I’ve discussed this term before in a past post titled: Why You Shouldn’t Use The Term Oreo. If you’ve never heard of that term, it basically is used to describe a black person who’s “white” on the inside i.e. the way they talk, dress, the music they listen to, etc. I’ve always talked “proper” aka using minimal slang, fully annunciating my words, and so forth. For that, all my life I’ve been told I talk white or asked why do I speak so proper. It’s really insane to me and combining that with some of the music I liked and shows I loved to watch, had people calling me an oreo. These words weren’t just used in school, but I heard it more at home by family members. Since when did speech have a race? Saying that also makes it seem like black people just sound uneducated and don’t know how to speak, which is obviously 1000% untrue. I think what gets me the most is that, since I became an adult, I’ve heard from family members that I’m “more black now”. What does that even mean? Just because I use more slang doesn’t mean anything besides that…I use more slang. I still love the shows I used to watch (Hannah Montana being one) and I still love some of the songs I used to listen to. I’m black inside and no matter how I dress, what I listen to, or what I watch.

Feeling afraid and uncomfortable.

If you didn’t grow up being the only black kid around or part of a group of a few, then most likely you might feel a little awkward when you’re in that predicament. I have felt that feeling a few times if I must be honest. I’m not sure what it is, but it’s like you just know you’re being looked at or judged because of the color of your skin. I have had friends/acquaintances of many different races and ethnicities, but there’s just that feeling. Not that I have a problem with anyone, but they have a problem with me. I’ve also dealt with real fear twice in my life in the past two or three years. The first time was when there was another killing of a black man by a cop. I don’t remember what happened, but I know it made me scared to leave my ID in my purse. I started to stick it in the visor because I didn’t want to get pulled over, reach for my ID, and end up the next victim. Just thinking about it all over again scares me. That’s the reality of being black in America. My other fear was last year. I only told my mom and maybe one friend this, but I was driving home from work and there’s a long strip with streetlights before you turn a corner where there’s none at all. I didn’t know my headlights were off until I turned that corner and then I turned them on. My heart started beating so fast because I’ve never been stopped before. Luckily, it was this nice older black cop who just wanted to make sure I’m ok and was asking about my lights. He didn’t even ask for ID. Unfortunately, that’s not the case and not everyone gets sent on their way as you see time after time on the news. I could’ve been a case. My fear could’ve been a reality.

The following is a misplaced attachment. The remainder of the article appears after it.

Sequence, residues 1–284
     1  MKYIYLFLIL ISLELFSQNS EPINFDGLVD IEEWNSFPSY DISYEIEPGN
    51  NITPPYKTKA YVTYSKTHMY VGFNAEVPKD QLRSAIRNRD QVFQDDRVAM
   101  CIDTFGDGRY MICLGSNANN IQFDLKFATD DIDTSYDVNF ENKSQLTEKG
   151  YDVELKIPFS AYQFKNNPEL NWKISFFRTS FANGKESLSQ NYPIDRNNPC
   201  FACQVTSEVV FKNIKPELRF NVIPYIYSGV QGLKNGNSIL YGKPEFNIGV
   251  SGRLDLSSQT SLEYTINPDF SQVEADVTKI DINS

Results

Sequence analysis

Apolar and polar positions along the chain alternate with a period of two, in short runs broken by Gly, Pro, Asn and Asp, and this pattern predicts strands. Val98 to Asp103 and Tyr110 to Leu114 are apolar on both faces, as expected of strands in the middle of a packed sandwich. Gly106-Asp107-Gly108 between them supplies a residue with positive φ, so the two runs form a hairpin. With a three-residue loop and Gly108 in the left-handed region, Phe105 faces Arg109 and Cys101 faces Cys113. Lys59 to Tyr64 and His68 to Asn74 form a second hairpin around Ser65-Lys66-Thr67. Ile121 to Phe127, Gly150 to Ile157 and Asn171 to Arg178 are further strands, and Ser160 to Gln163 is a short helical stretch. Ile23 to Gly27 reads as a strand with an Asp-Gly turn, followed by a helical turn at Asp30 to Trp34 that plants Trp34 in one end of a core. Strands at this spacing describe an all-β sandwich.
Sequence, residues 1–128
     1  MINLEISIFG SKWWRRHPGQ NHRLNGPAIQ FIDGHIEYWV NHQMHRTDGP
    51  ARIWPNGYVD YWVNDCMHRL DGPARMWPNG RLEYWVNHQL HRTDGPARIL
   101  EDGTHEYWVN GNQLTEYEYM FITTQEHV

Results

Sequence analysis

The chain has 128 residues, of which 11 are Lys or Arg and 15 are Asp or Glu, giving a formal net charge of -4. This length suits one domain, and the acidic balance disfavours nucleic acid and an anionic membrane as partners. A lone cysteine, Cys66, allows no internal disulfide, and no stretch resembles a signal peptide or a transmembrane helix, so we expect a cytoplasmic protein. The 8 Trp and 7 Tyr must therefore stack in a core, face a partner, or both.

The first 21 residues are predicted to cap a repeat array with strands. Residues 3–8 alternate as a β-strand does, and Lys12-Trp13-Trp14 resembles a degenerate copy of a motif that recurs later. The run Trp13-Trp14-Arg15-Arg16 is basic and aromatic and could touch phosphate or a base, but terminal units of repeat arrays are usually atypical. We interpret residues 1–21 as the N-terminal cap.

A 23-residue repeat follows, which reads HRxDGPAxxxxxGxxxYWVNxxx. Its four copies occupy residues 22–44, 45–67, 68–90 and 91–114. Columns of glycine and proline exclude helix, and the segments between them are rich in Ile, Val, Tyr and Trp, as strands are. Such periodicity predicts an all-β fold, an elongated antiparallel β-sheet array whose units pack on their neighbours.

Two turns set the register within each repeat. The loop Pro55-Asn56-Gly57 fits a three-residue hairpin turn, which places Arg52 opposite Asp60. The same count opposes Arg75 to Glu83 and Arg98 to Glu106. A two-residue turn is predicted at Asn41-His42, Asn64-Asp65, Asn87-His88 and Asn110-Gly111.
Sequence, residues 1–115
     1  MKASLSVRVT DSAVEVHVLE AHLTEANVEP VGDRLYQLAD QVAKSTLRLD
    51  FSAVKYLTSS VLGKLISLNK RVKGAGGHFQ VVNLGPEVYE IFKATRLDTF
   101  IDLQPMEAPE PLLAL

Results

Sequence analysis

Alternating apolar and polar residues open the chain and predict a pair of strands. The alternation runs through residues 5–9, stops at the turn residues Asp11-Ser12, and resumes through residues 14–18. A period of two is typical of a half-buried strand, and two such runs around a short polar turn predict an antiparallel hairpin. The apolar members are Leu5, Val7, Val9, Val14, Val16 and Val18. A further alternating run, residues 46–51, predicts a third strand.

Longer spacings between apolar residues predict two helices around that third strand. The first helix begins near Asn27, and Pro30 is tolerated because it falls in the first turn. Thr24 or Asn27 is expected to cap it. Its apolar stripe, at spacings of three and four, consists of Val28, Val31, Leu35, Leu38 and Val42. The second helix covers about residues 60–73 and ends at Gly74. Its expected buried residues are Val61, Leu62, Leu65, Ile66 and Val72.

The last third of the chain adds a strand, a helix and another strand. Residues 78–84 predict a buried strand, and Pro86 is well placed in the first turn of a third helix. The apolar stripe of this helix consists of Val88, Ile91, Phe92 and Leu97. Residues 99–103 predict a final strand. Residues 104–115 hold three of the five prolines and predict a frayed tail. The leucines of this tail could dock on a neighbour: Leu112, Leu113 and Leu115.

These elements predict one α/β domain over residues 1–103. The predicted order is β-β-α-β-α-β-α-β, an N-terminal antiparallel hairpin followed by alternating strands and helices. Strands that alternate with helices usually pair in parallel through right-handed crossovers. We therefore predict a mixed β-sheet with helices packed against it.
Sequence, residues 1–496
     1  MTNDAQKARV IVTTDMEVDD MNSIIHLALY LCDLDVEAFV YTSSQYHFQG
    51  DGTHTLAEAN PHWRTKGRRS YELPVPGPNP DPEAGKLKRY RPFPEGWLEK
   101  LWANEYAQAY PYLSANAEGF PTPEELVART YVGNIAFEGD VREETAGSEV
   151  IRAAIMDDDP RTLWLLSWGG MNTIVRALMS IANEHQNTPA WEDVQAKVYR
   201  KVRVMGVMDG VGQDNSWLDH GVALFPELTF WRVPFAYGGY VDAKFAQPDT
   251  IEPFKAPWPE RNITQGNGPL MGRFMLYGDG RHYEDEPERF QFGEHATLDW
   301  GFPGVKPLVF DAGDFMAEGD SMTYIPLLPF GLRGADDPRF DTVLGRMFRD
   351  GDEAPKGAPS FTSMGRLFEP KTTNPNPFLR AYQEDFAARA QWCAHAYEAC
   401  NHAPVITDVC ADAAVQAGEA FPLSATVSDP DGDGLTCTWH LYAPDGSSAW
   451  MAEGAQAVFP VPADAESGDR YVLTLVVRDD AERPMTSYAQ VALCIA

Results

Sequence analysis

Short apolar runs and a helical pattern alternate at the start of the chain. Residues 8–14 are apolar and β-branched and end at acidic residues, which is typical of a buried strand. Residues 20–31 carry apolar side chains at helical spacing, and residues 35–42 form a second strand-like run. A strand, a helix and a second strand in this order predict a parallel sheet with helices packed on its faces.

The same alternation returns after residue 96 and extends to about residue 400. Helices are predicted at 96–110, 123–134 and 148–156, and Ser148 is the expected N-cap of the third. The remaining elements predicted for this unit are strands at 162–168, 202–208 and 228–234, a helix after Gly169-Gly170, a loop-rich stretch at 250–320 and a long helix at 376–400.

This may have been my personal experience, but I know a lot of other black people relate to me as well. To my nonblack people who are reading this, I hope that this was an eye opener for you that this is real. These experiences are real. It’s not just the huge moments where a black man is having their life taken by a cop. It’s being given a weird look when you enter a store, it’s the small jokes or being compared to your white counterparts, it’s taking extra precautions just to make sure you’re not the next person on the news. As long as I can’t stop being black(which I don’t want to), you can and shouldn’t stop wanting and fighting for justice and equality.

Please donate and/or sign petitions and keep the fight going.


  1. Thank you for sharing your personal story. I am learning so much by reading blogs like these and other friends and family members are sending me stories of the history we didn’t learn in school. I just hope and pray for real change. xoxo

    • Thank you so much for taking the time to read my experience. If we keep up the fight, then I know we will continue to make change ♥

Leave a Reply

Your email address will not be published. Required fields are marked *

What’s Good

Around the Web